success: function(dataWeGotViaJsonp){
                        var text = '';
                        var len = dataWeGotViaJsonp.length;
                        for(var i=0;i<len;i++){
                            twitterEntry = dataWeGotViaJsonp[i];
                            text += '<p><img src = "' + twitterEntry.user.profile_image_url_https +'"/>' + twitterEntry['text'] + '</p>'
        <div id = 'twitterFeed'></div>

JSONP stands for JSON with Padding.

© ThatGuy

The "open with" context menu shows twice the same item fix

If you get something like:

The following command could help this issue, just copy paste this whole line into your terminal

/System/Library/Frameworks/CoreServices.framework/Frameworks/LaunchServices.framework/Support/lsregister -kill -r -all s,l,u; killall Finder

Really crazy Javascript's Fibonacci implementation

Run it in console and see it's really working :)

  var fib = function (_) {
      return _[++[++[[]][+[]]][+[]]];

  console.assert(fib(-1) === 0);
  console.assert(fib(0) === 0);
  console.assert(fib(1) === 1);
  console.assert(fib(2) === 1);
  console.assert(fib(3) === 2);
  console.assert(fib(4) === 3);
  console.assert(fib(5) === 5);
  console.assert(fib(6) === 8);
  console.assert(fib(7) === 13);
  console.assert(fib(32) === 2178309);
  console.assert(fib(46) === 1836311903);
  console.assert(fib(47) === 2971215073);
  console.assert(fib(63) === 6557470319842);


More could be found at: wtfsjs

Twisted logic: understanding truthy and falsy

An upcoming article I'll be doing for Smashing Magazine will look at the oddities and gotchas of Javascript — and lordie does it have a few.

One of these is the concept of truthy and falsy. These are sort of like true/false-lite, which will anger you somewhat if you majored in logic or philosophy. You mean you didn't know true and false were in fact gradable, not absolute concepts!?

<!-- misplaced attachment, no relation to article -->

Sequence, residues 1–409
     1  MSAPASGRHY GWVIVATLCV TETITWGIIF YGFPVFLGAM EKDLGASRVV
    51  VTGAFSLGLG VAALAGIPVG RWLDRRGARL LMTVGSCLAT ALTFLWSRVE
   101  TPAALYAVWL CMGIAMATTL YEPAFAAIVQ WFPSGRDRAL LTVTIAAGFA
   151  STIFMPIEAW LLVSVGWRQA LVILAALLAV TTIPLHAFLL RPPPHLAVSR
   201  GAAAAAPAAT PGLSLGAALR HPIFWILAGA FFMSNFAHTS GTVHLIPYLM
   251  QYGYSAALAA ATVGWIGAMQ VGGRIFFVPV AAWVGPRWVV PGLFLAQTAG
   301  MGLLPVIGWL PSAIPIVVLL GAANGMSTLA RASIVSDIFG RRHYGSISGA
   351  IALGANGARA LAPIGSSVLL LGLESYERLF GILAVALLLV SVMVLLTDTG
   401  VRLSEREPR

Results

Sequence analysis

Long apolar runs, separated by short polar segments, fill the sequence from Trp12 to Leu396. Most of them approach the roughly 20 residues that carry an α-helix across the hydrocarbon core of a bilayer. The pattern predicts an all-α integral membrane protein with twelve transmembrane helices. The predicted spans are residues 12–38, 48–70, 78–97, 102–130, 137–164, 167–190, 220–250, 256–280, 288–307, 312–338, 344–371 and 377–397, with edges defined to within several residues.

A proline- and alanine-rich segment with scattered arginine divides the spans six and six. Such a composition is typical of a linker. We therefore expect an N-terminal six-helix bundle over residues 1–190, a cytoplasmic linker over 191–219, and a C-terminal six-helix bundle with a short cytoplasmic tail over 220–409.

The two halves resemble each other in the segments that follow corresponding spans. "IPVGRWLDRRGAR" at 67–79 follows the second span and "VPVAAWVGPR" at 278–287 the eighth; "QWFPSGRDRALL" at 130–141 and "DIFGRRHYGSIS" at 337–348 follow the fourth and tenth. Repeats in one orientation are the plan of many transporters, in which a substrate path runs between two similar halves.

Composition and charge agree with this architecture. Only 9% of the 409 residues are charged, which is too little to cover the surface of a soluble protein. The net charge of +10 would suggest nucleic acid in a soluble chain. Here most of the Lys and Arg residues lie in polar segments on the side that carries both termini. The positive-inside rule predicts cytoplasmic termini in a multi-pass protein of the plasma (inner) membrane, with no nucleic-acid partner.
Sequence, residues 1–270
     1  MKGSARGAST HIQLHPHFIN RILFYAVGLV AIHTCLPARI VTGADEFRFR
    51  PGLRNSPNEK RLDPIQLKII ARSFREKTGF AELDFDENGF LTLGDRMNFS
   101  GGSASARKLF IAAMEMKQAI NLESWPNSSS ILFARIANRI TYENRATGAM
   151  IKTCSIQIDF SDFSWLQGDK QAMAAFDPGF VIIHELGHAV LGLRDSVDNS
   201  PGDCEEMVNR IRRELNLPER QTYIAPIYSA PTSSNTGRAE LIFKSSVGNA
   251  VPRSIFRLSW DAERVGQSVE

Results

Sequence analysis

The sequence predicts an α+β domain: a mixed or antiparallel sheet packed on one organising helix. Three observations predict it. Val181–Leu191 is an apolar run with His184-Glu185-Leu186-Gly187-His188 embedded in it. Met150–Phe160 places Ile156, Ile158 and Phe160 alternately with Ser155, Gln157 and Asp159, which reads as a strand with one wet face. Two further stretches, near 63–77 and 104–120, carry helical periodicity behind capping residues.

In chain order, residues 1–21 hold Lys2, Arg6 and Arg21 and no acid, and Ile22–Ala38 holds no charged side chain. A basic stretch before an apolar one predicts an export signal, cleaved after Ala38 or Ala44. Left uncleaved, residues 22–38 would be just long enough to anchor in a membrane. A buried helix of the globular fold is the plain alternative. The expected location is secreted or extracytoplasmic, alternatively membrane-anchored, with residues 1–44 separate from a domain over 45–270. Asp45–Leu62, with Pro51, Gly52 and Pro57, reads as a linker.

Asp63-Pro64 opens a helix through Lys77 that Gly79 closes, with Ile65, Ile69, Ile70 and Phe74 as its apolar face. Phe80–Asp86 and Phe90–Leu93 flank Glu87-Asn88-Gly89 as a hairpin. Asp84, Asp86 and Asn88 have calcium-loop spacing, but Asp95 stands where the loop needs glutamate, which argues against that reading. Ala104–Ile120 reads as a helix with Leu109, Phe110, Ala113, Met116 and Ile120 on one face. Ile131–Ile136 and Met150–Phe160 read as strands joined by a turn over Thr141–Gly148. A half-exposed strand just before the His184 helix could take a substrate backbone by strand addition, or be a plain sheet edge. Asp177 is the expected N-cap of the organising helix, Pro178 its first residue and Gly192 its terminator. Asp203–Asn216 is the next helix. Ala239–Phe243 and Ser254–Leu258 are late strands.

In Javascript, every value has an in-built flag denoting its boolean equivalent. This is called upon when you ask the value to behave like a boolean, e.g. by comparing it to a real boolean. Javascript coerces your value into a boolean, such that the comparison is possible (after all, you can't compare apples with pears). See below for more on data coercion. So:

var someVar = 0;
alert(someVar == false); //evaluates true

Since we are attempting to compare zero to a boolean, Javascript coerces the zero to its truthy/falsy equivalent — and zero is a falsy (along with null, undefined, NaN, empty strings and false — everything else is a truthy). So the expression effectively becomes:

alert(false == false); //evaluates true, of course

It's important to realise that this does not mean your value is a boolean — it simply means Javascript temporarily converts it to a boolean to make the comparison possible. If we did the same comparison with the === operator (which compares not only by value but also by type), the result would be different:

alert(someVar === false); //evaluates false - someVar is a number, not a legitimate boolean

It gets worse

Clear enough? It gets more complex.

A well known quirk of Javascript is that an empty array appears to be equal to false.

( Read more )